Edible Landscaping

Does your perennial border need a bit of pizzazz? Are you looking for ways to add color and texture to your flower beds? Consider the dramatic heads and leaves of globe artichoke; or the brilliant red stems and glossy, crinkled foliage of Swiss chard. There is no need to segregate food crops from ornamentals. If you integrate edible plants in to your flowerbeds, you can grow a beautiful backyard and eat it too! Landscaping a well-designed yard with ornamental trees, shrubs, and flowers is certainly rewarding, but cultivating an equally attractive yard that integrates edibles into its design is an immensely satisfying experience. Sowing seed, growing, then harvesting food will connect you even more deeply to the rhythm of the seasons. A careful selection of crops and specific cultivars will allow you to gather sustenance almost year-round. As you think about plants to include in your edible landscaping plans, don't limit yourself to nasturtiums and kale. Fruit and nut trees ( pear, cherry, apple, peach, hazelnut and almond) can provide lovely blossoms in the spring, shade in July, and a tasty bounty in the late summer and fall. Consider some of the many fruits and vegetables that grow on vines (grapes, passion fruit, beans, and peas are a few examples; They'll add vertical interest to your garden design. Berry producing bushes (blueberries, gooseberries and currants come to mind) can replace some of the purely ornamental shrubs that you've grown in the past. The list of edible flowers is extensive, and culinary herbs fit beautifully into almost any garden design,Even ground covers can be edible; Strawberries or herbs such as thyme can add to your meals while reducing your mowing chores, Edibles do tend to be more labor intensive than ornamental plants. So you probably won't want to turn your entire backyard into one large kitchen garden. Start by tucking a few different kinds of lettuce in among the annuals in early spring, or just add a chili pepper plant to one of the containers on your deck. Then as the inevitable holes in your landscape design appear, move on to other edibles. Instead of planting roses by that newly installed trellis, try raspberry canes or a hardy kiwi vine. If you're a rose lover, the shrub rose, Rosa Rugosa should please you. Its red or orange rose hips have 60 times more vitamin C than an orange and can be made into delicious jams or tea. And the next time you're looking for a plant that combines height with finely-textured foliage, set out some asparagus.

Vegetables don't have to be propagated in a perfectly straight, Farmer MacGregor style rows. Spring an eggplant from its usual setting, and you'll realize just how exotic and attractive a plant it is. Its satiny, purple-black fruits would look wonderful combined with the silver foliage of dusty miller. Once you get used to the concept of food plants as art of your garden design, all sorts of combinations will come to mind. Violas (which are usually are grown as ornaments, but actually are edible) look lovely lining a path beside swirls of bright greed lettuce.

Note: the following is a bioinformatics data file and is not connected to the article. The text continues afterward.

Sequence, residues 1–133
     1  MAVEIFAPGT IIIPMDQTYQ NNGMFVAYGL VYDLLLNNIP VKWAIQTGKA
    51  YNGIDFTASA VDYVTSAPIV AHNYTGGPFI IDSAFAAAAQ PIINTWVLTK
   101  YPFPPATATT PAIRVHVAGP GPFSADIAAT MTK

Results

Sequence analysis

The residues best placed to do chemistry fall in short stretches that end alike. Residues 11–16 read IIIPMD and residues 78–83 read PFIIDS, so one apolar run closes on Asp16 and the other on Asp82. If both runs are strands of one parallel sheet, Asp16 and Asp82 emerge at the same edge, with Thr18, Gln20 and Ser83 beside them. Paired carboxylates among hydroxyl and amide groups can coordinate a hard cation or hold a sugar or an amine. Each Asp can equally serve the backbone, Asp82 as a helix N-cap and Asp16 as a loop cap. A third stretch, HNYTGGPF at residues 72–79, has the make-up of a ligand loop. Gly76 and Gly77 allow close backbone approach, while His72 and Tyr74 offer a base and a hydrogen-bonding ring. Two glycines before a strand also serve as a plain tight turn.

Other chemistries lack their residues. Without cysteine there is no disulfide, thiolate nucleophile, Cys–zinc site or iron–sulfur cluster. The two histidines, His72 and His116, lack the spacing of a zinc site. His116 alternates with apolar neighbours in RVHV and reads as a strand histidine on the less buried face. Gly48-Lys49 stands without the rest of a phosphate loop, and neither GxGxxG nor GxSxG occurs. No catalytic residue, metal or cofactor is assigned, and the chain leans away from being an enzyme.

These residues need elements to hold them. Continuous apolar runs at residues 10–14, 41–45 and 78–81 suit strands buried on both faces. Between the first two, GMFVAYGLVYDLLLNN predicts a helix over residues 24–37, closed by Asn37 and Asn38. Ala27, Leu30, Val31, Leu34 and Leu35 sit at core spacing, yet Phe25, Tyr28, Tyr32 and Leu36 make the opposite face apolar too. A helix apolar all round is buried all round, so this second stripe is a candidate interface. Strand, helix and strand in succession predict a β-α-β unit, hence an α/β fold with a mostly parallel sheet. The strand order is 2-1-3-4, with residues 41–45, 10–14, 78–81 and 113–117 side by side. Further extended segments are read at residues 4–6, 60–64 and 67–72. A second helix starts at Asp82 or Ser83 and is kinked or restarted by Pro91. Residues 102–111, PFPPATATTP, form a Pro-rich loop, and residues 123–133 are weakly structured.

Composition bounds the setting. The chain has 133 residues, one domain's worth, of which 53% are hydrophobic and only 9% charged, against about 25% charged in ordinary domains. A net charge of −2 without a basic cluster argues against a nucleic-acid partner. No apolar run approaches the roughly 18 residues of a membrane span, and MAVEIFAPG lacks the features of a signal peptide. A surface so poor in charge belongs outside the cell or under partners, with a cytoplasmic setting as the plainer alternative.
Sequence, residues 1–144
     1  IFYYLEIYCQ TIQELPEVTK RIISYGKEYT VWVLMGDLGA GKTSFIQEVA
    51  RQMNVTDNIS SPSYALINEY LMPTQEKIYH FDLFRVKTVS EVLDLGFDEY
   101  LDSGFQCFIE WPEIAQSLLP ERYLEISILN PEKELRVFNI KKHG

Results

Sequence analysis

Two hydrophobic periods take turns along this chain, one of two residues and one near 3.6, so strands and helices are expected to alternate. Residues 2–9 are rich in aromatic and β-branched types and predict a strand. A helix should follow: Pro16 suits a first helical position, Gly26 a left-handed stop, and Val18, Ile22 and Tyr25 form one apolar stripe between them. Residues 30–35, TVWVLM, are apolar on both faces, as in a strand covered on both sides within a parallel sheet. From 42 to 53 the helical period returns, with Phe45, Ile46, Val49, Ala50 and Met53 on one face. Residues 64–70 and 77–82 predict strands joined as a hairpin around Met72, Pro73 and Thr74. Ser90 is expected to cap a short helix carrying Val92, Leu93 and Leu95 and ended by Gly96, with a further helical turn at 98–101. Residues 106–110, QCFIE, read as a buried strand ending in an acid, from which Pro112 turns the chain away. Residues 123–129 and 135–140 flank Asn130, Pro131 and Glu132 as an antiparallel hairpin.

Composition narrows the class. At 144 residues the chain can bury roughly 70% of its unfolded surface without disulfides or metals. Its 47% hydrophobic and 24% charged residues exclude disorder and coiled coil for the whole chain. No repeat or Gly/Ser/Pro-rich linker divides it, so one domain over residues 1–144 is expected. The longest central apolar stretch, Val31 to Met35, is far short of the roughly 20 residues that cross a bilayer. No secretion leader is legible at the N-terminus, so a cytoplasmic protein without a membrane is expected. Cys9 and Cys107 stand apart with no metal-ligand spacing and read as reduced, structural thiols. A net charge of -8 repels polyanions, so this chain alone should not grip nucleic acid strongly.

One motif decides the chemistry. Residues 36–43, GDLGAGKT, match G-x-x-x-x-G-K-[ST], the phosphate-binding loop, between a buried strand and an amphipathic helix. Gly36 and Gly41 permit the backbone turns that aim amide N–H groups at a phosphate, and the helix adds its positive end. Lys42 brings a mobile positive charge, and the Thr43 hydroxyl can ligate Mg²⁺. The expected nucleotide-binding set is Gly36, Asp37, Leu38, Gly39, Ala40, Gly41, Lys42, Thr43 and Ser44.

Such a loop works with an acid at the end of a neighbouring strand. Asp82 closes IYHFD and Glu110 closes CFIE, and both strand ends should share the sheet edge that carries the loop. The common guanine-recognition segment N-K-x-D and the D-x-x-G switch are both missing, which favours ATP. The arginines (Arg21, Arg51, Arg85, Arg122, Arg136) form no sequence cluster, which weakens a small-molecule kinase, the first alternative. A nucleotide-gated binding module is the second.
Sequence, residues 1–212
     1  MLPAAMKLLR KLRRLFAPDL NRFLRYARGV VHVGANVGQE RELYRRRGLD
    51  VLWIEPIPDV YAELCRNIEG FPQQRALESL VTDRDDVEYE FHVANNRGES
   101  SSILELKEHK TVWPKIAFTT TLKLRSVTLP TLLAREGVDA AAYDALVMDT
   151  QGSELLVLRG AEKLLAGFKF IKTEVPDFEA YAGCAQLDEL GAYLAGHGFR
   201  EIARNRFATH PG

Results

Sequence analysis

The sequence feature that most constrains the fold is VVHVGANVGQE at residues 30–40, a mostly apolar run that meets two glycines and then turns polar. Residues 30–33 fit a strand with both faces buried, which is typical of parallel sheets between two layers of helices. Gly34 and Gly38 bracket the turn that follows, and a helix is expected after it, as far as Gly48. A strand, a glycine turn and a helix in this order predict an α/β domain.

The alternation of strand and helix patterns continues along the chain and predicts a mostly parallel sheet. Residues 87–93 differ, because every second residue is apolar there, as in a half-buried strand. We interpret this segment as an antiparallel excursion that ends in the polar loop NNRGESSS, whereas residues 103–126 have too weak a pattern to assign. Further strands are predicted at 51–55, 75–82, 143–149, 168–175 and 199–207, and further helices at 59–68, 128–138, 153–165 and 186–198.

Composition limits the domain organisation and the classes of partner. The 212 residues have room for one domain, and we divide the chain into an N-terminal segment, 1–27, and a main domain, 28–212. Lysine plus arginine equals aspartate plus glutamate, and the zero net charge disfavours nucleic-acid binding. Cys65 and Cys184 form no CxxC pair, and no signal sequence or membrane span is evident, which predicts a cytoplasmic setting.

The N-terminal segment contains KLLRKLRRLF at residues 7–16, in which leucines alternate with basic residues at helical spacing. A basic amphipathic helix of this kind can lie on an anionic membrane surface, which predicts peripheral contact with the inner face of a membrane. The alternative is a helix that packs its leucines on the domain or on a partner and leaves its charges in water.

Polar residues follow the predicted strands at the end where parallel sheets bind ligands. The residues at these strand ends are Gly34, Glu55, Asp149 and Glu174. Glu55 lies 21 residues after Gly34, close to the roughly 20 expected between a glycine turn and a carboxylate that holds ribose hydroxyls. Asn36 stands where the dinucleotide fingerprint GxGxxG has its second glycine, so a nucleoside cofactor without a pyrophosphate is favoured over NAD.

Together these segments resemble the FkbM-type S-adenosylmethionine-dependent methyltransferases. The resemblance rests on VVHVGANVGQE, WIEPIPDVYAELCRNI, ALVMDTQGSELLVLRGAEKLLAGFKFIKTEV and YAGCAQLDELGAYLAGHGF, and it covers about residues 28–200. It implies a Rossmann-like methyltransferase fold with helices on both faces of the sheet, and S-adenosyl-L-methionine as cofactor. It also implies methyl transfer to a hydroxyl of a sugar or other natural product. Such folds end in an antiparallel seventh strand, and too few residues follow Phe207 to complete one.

Along with sunlight, soil, and water needs, consider your edible's height, shape, foliage, texture, and color before deciding on its place in your design-just as you would for any ornamental plant. Check seed catalogs carefully; you're sure to find cultivars that are as handsome as they are tasty, Look for herbs with variegated or silver foliage to add interest to your garden.

Even if you decide a separate section of your yard to food crops, there's no reason not to make that space as beautiful as it is practical. Flowers such as marigolds and nasturtiums have long been valued as companions for vegetables; they're natural insect repellents. Even if your back forty consists of little more than a patio and a patch of lawn, you can still raise your own fruits and vegetables. A small, walled yard is often perfect for espalier fruit trees. Even a Lilliputian garden should have room for a couple of mini-dwarf fruit trees or a citrus tree in a pot. Tomatoes, lettuces, cucumbers, beans, and peppers will all thrive in carefully tended container gardens on a patio or deck, as long as sunlight, water, and fertilizer needs are met. Strawberries and cherry tomatoes can even be grown in hanging baskets. Many herbs will be perfectly content in window boxes or strawberry jars. Just make sure your container grown fruits and vegetables are in pots with sufficient space for root growth.

Plan to feed and water them more frequently than those planted in the ground.


Split tomato skins are the result of watering after plants have been allowed to go dry.


A cloche is an old-fashioned way to provide protection to young plants. Cloches were traditionally glass jars inverted over plants to protect them from cold weather. You can use gallon milk jugs with the bottoms cut off or mini-greenhouses made of spun fiber. Fabric cloches have the benefit of keeping insects away from young plants. Use clothespins or clips to hold the fabric to a frame. This method will protect young plants to temperatures as low as 26 degrees.



"The love of gardening is a seed that once sown never dies."




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